In September 2014, the Company entered into an aggregation credit facility (the “Aggregation Facility”), which was subsequently amended in February 2015 and November 2015, pursuant to which the Company may borrow up to an aggregate of $375.0 million and, upon the satisfaction of certain conditions and the approval of the lenders, up to an additional aggregate of $175.0 million in borrowings with certain financial institutions for which Bank of America, N.A. is acting as administrative agent.

Prepayments are permitted under the Aggregation Facility, and the principal and accrued interest on any outstanding loans mature in March 2018. Under the Aggregation Facility, interest on borrowings accrues at a floating rate equal to either (1)(a) the London Interbank Offer Rate (“LIBOR”) or (b) the greatest of (i) the Federal Funds Rate plus 0.5%, (ii) the administrative agent’s prime rate and (iii) LIBOR plus 1% and (2) a margin that varies between 3.25% during the period during which the Company may incur borrowings and 3.50% after such period. Interest is payable at the end of each interest period that the Company may elect as a term of either one, two or three months.

The borrower under the Aggregation Facility is Vivint Solar Financing I, LLC, one of the Company’s indirect wholly owned subsidiaries, which in turn holds the Company’s interests in the managing members in the Company’s existing investment funds. These managing members guarantee the borrower’s obligations under the Aggregation Facility. In addition, Vivint Solar Holdings, Inc. has pledged its interests in the borrower, and the borrower has pledged its interests in the guarantors as security for the borrower’s obligations under the Aggregation Facility. The related solar energy systems are not subject to any security interest of the lenders, and there is no recourse to the Company in the case of a default.

The Aggregation Facility includes customary covenants, including covenants that restrict, subject to certain exceptions, the borrower’s, and the guarantors’ ability to incur indebtedness, incur liens, make investments, make fundamental changes to their business, dispose of assets, make certain types of restricted payments or enter into certain related party transactions. Among other restrictions, the Aggregation Facility provides that the borrower may not incur any indebtedness other than that related to the Aggregation Facility or in respect of permitted swap agreements, and that the guarantors may not incur any indebtedness other than that related to the Aggregation Facility or as permitted under existing investment fund transaction documents. These restrictions do not impact the Company’s ability to enter into investment funds, including those that are similar to those entered into previously. As of March 31, 2016, the Company was in compliance with such covenants. As of March 31, 2016, the Company has not entered into any interest rate hedges, which the Company is required to obtain by September 13, 2016.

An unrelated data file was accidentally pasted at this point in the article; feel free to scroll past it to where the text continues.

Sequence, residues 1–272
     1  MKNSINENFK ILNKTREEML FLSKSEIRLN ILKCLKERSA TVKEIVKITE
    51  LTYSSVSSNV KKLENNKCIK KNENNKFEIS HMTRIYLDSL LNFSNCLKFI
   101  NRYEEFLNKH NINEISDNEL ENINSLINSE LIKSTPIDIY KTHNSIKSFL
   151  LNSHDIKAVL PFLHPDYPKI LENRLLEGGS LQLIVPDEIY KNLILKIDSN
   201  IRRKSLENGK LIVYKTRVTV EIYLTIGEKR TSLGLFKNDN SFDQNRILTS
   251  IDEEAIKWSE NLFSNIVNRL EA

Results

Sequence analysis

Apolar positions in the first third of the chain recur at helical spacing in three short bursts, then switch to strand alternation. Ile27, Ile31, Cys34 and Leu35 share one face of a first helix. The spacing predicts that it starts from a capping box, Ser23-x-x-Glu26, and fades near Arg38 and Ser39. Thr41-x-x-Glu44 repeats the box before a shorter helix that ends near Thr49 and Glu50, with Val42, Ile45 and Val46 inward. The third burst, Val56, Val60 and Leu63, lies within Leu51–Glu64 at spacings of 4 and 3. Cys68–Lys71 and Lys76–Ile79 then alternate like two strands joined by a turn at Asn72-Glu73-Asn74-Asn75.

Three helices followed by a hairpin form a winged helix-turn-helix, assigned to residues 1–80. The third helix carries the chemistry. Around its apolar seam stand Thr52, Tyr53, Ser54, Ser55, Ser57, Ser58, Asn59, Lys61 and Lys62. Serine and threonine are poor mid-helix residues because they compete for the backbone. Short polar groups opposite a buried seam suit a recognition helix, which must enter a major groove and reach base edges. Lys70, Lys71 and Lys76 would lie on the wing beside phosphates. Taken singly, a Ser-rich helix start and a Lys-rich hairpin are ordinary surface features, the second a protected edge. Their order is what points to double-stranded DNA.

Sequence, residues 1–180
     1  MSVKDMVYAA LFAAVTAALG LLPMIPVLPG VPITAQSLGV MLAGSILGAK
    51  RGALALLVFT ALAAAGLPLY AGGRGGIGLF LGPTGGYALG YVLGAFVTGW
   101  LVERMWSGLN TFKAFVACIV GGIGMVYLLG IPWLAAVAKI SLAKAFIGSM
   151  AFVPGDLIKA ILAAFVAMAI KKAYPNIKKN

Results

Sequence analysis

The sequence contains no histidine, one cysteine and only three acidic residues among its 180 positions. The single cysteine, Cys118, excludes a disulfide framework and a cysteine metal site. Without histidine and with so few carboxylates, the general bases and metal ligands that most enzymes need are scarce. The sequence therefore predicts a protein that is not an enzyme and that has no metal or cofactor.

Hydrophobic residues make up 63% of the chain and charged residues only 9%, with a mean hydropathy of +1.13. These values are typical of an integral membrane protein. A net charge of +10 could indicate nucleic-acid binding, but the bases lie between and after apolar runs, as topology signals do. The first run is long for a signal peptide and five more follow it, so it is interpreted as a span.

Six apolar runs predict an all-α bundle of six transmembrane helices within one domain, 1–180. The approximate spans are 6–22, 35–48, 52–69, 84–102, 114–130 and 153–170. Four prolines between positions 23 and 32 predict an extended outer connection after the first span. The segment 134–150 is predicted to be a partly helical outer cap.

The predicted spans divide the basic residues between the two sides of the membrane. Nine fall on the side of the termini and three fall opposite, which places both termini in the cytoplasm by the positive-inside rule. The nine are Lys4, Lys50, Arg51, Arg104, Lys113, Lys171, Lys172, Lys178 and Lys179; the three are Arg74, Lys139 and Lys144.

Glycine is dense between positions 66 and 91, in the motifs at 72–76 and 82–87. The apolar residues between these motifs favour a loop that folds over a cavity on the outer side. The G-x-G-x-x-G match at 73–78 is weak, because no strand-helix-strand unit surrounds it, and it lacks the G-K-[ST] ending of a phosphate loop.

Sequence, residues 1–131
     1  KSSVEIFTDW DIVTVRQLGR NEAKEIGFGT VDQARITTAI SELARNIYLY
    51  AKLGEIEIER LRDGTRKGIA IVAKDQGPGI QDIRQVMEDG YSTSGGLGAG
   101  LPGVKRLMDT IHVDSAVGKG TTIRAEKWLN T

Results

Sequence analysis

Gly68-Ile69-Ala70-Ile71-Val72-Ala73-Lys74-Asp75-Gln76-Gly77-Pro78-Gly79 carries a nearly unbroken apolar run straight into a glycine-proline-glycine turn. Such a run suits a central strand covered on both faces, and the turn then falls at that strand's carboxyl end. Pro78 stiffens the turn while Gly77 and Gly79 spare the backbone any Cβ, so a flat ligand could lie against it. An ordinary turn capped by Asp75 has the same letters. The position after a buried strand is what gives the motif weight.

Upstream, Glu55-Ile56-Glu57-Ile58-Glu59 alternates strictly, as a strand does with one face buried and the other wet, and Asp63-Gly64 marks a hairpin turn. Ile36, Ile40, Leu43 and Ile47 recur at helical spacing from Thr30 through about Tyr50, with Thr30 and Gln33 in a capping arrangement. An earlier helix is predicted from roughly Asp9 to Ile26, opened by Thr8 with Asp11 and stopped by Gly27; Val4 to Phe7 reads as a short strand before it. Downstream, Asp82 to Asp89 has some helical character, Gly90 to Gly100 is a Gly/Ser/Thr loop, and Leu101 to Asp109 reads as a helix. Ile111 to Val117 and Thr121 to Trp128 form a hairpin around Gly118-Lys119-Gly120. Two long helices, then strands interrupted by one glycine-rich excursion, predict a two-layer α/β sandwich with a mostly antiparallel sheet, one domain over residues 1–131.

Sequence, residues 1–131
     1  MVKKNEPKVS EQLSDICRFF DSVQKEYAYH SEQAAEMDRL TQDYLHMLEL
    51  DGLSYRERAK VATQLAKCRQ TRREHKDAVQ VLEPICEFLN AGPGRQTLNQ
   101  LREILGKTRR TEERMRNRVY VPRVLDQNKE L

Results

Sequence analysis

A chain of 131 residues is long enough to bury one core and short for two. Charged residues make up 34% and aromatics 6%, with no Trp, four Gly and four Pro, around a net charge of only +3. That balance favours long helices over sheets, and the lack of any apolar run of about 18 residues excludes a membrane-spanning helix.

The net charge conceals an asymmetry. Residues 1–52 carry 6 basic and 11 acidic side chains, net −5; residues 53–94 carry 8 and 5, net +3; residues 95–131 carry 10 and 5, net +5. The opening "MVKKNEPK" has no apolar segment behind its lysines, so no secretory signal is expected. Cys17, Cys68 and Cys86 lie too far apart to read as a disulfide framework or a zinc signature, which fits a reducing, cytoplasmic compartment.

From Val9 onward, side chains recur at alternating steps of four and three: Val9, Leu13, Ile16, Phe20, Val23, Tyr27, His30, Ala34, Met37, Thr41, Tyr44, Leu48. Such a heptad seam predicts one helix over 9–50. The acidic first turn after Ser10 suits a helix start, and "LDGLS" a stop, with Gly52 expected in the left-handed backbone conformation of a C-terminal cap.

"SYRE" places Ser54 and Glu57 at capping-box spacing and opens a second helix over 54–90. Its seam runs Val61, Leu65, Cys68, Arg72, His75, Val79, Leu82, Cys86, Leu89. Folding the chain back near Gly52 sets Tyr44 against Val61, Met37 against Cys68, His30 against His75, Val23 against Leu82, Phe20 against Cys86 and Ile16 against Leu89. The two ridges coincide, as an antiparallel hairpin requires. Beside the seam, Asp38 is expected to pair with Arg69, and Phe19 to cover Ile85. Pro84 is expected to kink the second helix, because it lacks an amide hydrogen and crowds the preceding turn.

As of March 31, 2016, the Company had incurred an aggregate of $338.5 million in borrowings under the Aggregation Facility. The remaining borrowing capacity was $36.5 million as of March 31, 2016. However, the Company does not have immediate access to the full remaining $36.5 million balance as future borrowings are dependent on when it has solar energy system revenue to collateralize the borrowings.

The Aggregation Facility also contains certain customary events of default. If an event of default occurs, lenders under the Aggregation Facility will be entitled to take various actions, including the acceleration of amounts due under the Aggregation Facility and foreclosure on the interests of the borrower and the guarantors that have been pledged to the lenders.


Interest expense was approximately $4.0 million and $2.1 million for the three months ended March 31, 2016 and 2015. As of March 31, 2016, the current portion of debt issuance costs of $4.0 million was recorded in prepaid expenses and other current assets, and the long-term portion of debt issuance costs of $3.9 million was recorded in other non-current assets, net in the consolidated balance sheet. In addition, a $6.3 million interest reserve amount was deposited in an interest reserve account with the administrative agent and is included in restricted cash and cash equivalents. The interest reserve increases as borrowings increase under the Aggregation Facility.

Working Capital Credit Facility

In March 2015, the Company entered into a revolving credit agreement (the “Working Capital Facility”) pursuant to which the Company may borrow up to an aggregate principal amount of $150.0 million from certain financial institutions for which Goldman Sachs Lending Partners LLC is acting as administrative agent and collateral agent. Loans under the Working Capital Facility will be used to pay for the costs incurred in connection with the design and construction of solar energy systems, and letters of credit may be issued for working capital and general corporate purposes. As of March 31, 2016, the Company had incurred an aggregate of $142.6 million in borrowings under the Working Capital Facility. Further, the Company established letters of credit under the Working Capital Facility for up to $7.4 million related to insurance contracts. As such, there was no remaining borrowing capacity available as of March 31, 2016.